Science Is Still Trying To Figure Out What Makes A Female Athlete

Sex tests in sports are archaic

Bicep Curl

Credit: OpenStax College via Wikimedia Commons

In 2013, professional sprinter Dutee Chand was banned from competing as a female athlete. She wasn't accused of doping, and she wasn't accused of not being a woman—she was born and raised as a girl. Instead, her hormones were at fault.

Chand's natural testosterone levels fall into a male range, and according to international regulations, she can't compete again until her testosterone lowers to a more ladylike level—a process that would require drugs or surgery. Chand refuses, and in March she challenged the ban. Switzerland's Court of Arbitration for Sport is expected to come out with a decision this summer.

A number of other female athletes have had their gender called into question as a result of the testosterone rules, most notably Caster Semenya, who had to undergo sex-testing after winning the women's 800 meter race in the 2009 World Championships.

According to regulations from the International Association of Athletics Federations (IAAF), female athletes' testosterone levels must be below the normal male range. The International Olympic Committee has similar regulations. In an opinion piece in Science, medical anthropologist Katrina Karkazis and her co-author explain that two scientific camps are duking it out over whether biology supports the controversial policy.

The testosterone limits are the latest attempt to draw a clear line between male and female athletes. In the old days, an elite female athlete would have to verify her sex through genital inspection or chromosome testing, but neither method was perfect. In the gray area between males and females, intersex people may have traits from both sexes. Policy-makers eventually gave up the idea of sex testing, ruling that people should be able to compete in the gender category that they identify with. Testosterone regulations, which came about in 2011 and 2012, are just a newer version of those older, flawed tests, Karkazis argues.

"Men have always been exempt from sex-testing," she tells Popular Science. "Historically, policy-makers thought men would masquerade as women. In the latest iteration, the rationale is that these women with high testosterone have unfair advantage."

To be clear, tests can reveal whether the testosterone in an athlete’s blood is natural or synthetic, so doping is not the concern. People like Chand have hyperandrogenism—their bodies overproduce male hormones.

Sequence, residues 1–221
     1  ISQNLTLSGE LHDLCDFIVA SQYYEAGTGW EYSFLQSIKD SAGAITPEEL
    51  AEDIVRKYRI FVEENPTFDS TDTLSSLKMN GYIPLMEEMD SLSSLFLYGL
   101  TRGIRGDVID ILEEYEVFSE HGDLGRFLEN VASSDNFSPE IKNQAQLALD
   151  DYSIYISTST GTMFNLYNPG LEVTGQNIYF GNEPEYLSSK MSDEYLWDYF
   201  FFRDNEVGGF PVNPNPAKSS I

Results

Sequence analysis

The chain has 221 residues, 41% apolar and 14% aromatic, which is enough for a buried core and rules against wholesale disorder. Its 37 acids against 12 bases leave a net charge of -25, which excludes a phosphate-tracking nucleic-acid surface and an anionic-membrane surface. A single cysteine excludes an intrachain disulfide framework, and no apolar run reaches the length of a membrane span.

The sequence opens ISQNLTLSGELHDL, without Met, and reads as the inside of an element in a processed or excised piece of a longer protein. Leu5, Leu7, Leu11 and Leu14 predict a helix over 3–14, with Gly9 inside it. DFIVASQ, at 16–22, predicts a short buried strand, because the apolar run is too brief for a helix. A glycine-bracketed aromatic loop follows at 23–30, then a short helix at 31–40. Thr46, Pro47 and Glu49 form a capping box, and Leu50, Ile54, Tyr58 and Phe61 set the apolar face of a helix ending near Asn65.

But establishing the “normal range” of natural testosterone in elite athletes has been more difficult than expected. One study found that testosterone levels for male and female athletes overlap, with up to 13.7 percent of women having testosterone higher than the typical female range. A second study (conducted by IAAF researchers) showed that high testosterone levels were extremely rare in women, at 1.5 percent.

Neither study was perfect. The first one used a test that may have overestimated the women’s testosterone levels, but the IAAF study actually left out women with particularly high testosterone levels, thinking them to be outliers that would skew the data set.

Some athletes go under the knife to remove the hormone-secreting tissues.

In a way, the whole argument is moot since it’s not entirely clear that higher testosterone levels improve a woman’s performance. From the IAAF study: “there is no clear scientific evidence proving that a high level of T is a significant determinant of performance in female sports”.

What's more, if high levels of testosterone were really a performance concern, then shouldn't male athletes have a maximum as well? Karkazis' explanation is that "In men it doesn't blur a sex divide." Popular Science reached out to IAAF scientists for comment, but they did not respond in time for this article.

Asking someone to lower her testosterone is no light request. “The body is like an ecosystem—you change one thing and everything else changes,” says Karkazis. “A whole bunch of other hormone changes get triggered.” To meet the IAAF criteria, some women go under the knife to remove the hormone-secreting tissues, thus making themselves more susceptible to osteoporosis. Others take drugs that block testosterone but can have long-term side effects such as liver toxicity. The remainder just quit athletics altogether.

In the absence of a clear biological line between males and females, Karkazis argues that the fairest solution is to return to the policy of yesteryear, and allow athletes who classify themselves as women to compete as women.